A student’s work with worksheet guidance: This allowed students to concentrate on their own knowledge acquisition. As you can see there are gaps which had to be filled with teacher explanation as the student lacked the resilience to continue with their own research (figure 5).
The second notable impact of the student-led approach was the effect on students extended knowledge. Students were able to explain in detail the areas they had successfully investigated but this was usually at the expense of other areas of the topic. Students felt that there was too much information available and that they often got caught in learning about an area in too great a depth. This depth was not needed for the current course; which itself creates another dilemma. How do you stop students going into too much depth? Or even, should we stop them in their pursuit of knowledge?
Evidence of the issue of depth versus breadth of knowledge was shown through their end of module tests where the results were below that of their target and showed a greater depth of knowledge in some areas which was lacking in others (figure 5 and 6).
figure 5 figure 6
Both of these tests were examples of core knowledge gained in one particular area but not in others. The student on the left scored well in input, output and storage devices whereas the one of the right scored well in The CPU element.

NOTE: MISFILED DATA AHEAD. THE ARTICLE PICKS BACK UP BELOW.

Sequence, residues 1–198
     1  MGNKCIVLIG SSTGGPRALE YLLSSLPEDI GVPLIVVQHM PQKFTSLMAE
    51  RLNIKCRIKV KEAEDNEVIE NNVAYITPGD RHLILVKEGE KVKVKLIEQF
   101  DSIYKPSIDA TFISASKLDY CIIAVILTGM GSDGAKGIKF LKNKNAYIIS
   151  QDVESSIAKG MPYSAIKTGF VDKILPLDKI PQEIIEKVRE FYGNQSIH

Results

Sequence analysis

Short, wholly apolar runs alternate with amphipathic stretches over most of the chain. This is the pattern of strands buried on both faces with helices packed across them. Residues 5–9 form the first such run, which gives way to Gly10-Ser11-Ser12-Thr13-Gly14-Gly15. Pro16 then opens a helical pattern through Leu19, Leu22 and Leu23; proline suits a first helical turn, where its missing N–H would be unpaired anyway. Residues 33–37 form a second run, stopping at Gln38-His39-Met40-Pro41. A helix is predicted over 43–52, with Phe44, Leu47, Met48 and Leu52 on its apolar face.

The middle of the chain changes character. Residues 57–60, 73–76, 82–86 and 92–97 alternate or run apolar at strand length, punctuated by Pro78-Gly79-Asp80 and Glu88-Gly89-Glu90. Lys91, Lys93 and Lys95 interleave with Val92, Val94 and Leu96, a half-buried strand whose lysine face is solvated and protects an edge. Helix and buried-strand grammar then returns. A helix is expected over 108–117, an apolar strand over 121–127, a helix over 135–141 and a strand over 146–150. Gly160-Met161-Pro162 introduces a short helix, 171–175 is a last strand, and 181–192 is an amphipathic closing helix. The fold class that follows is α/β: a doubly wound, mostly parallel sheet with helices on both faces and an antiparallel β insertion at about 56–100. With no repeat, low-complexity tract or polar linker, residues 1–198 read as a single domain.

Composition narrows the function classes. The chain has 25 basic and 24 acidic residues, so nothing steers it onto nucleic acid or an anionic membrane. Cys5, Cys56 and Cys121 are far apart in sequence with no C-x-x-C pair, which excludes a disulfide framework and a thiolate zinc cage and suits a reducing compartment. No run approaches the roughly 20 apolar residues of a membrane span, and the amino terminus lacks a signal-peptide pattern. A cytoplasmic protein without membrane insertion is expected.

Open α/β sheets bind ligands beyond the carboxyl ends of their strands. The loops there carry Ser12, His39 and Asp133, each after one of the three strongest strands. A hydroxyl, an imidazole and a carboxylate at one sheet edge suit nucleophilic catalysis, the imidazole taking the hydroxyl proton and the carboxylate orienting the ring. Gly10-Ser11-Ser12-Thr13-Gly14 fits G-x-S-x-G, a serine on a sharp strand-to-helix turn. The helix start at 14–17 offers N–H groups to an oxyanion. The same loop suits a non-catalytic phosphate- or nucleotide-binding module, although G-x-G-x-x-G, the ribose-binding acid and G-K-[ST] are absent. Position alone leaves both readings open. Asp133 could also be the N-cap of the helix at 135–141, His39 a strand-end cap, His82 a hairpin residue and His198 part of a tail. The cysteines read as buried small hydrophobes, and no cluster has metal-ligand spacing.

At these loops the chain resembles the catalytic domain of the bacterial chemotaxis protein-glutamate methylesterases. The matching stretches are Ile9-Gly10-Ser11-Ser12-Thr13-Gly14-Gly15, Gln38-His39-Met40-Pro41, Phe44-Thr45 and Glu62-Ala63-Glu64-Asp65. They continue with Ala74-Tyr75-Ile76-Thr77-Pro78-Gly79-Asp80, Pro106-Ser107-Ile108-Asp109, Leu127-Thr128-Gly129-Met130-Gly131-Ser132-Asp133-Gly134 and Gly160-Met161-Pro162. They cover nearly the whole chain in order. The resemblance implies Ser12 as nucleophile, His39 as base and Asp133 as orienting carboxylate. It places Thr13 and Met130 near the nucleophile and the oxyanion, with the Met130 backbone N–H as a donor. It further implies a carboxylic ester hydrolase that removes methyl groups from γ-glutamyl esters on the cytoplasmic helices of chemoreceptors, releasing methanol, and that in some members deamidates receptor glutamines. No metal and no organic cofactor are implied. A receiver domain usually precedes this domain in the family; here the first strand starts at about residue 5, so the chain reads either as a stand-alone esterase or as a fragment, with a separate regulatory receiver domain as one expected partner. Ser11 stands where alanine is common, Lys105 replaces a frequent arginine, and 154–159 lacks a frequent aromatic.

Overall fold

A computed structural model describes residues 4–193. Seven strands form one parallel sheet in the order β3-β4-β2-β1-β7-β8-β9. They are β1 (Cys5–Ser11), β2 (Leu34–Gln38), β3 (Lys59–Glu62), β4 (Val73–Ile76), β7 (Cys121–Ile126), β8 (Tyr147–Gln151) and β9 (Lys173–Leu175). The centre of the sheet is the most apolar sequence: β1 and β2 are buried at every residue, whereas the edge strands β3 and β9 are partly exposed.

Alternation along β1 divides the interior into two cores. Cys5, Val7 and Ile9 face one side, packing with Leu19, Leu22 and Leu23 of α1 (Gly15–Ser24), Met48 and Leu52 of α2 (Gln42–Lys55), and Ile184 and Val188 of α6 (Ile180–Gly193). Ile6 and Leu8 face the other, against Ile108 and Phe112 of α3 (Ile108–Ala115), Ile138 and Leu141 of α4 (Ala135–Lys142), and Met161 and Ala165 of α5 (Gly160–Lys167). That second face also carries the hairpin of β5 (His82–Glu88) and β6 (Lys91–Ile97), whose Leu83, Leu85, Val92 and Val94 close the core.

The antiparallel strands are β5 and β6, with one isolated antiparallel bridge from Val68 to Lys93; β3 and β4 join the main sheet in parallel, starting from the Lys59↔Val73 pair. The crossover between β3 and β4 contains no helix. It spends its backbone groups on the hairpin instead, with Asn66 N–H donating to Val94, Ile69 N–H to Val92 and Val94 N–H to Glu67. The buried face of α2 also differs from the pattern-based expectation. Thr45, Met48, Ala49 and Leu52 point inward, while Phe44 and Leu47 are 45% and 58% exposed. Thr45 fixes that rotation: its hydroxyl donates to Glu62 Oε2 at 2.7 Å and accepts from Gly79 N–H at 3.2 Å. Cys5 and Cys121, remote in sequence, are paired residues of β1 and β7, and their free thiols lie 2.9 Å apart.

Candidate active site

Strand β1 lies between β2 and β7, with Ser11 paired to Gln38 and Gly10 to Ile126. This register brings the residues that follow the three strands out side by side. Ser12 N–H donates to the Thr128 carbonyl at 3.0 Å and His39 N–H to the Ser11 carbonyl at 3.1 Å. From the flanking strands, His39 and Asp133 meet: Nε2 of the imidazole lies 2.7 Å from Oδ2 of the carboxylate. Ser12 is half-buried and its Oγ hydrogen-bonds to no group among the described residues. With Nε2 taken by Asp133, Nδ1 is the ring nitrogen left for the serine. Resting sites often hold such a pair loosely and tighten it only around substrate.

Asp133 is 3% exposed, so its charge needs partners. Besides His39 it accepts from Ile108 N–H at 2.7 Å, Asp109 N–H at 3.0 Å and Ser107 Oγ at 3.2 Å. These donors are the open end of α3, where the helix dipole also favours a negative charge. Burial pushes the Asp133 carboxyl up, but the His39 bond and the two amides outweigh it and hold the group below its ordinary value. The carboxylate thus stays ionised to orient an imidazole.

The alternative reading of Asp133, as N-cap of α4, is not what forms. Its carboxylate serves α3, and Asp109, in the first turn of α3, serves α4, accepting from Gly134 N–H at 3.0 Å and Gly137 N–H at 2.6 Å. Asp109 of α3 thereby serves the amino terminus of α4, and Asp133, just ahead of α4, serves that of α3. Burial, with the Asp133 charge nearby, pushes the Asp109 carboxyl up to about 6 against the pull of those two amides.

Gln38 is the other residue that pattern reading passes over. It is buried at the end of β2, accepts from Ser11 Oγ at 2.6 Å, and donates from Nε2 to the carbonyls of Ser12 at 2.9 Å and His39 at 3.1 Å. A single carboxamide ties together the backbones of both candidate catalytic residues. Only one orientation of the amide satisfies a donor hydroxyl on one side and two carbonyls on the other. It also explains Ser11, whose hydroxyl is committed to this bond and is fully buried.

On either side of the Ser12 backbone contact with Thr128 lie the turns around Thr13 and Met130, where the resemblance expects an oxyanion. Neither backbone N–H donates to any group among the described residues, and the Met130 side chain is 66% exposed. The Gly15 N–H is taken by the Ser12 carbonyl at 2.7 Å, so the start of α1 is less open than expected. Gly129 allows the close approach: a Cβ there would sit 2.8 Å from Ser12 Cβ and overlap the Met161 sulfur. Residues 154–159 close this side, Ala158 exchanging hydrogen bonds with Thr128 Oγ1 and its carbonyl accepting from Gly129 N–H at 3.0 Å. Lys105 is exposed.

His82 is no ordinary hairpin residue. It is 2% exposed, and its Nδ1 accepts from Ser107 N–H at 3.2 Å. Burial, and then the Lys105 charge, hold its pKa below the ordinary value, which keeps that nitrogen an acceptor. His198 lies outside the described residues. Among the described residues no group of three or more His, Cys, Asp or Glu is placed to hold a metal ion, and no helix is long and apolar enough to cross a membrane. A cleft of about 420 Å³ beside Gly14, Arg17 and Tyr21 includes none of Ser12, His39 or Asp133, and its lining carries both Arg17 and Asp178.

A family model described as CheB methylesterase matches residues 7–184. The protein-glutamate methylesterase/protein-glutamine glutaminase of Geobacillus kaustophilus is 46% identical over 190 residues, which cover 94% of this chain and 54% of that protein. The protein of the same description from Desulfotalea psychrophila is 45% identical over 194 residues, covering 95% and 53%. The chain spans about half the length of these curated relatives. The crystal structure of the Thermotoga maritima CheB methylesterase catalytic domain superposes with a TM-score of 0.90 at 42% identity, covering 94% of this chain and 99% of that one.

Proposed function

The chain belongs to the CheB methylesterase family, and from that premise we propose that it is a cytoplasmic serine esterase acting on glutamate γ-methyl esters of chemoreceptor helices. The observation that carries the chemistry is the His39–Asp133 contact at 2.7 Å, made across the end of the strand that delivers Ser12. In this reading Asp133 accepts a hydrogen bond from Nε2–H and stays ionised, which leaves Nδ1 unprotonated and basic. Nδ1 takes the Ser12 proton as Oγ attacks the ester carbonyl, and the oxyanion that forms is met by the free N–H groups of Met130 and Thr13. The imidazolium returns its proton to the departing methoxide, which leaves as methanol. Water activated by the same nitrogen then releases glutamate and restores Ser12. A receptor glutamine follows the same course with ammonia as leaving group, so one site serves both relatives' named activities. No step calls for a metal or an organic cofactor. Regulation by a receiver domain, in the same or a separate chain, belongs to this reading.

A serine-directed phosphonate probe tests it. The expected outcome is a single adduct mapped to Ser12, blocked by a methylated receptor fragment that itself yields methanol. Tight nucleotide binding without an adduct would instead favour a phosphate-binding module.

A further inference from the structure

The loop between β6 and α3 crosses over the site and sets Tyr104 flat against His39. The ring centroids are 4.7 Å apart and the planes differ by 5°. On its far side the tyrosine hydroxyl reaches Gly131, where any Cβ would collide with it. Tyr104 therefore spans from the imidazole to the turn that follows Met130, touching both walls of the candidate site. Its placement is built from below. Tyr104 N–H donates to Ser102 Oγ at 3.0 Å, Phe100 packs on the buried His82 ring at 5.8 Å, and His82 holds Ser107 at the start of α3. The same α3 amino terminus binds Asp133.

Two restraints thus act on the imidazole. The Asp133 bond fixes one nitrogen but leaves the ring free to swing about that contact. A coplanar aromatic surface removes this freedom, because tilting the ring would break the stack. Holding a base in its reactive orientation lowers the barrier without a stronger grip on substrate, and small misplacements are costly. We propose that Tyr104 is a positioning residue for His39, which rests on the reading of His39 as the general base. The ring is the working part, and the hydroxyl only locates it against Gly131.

In researching the teacher led approach I decided that I would provide the information, meaning students having to make notes and then answer questions around it. This was also supplemented with structured note sheets (figure 7 and 8).
figure 7 figure 8
The findings from this were very interesting. From a pupil voice perspective they found the teacher led lessons “a bit boring” but they said they understood more of the topic and in greater detail because they had been explained by an expert first. The students liked the note sheets; in particular the boys as this circumnavigated the need to be tidy in the books as it was already done for them.
For my view point I had the ‘safety blanket’ of knowing that the course content had been provided for the students but also the knowledge that the explanation was directly relevant for the content of the GCSE. However the preparation that went into these lessons was much greater in thinking about how best to explain the content, design the lesson materials and the subsequent assessment tasks.
The end of module assessments with the teacher-led approach had shown a marked improvement from the first approach taken. There was greater knowledge across the class with the answers in the assessments being of a consistently higher quality (figure 9).
Executive Summary and Next Steps
As a result of the action research there are a number of things I will focus on doing differently. Firstly, lessons will primarily be planned around the teacher-led approach in which content is delivered by me and then further questioning and tasks are designed to aid memory recall. In the creation of the teacher-led lesson the resources will be differentiated and allow for progression of knowledge at a pace that will be appropriate for the class.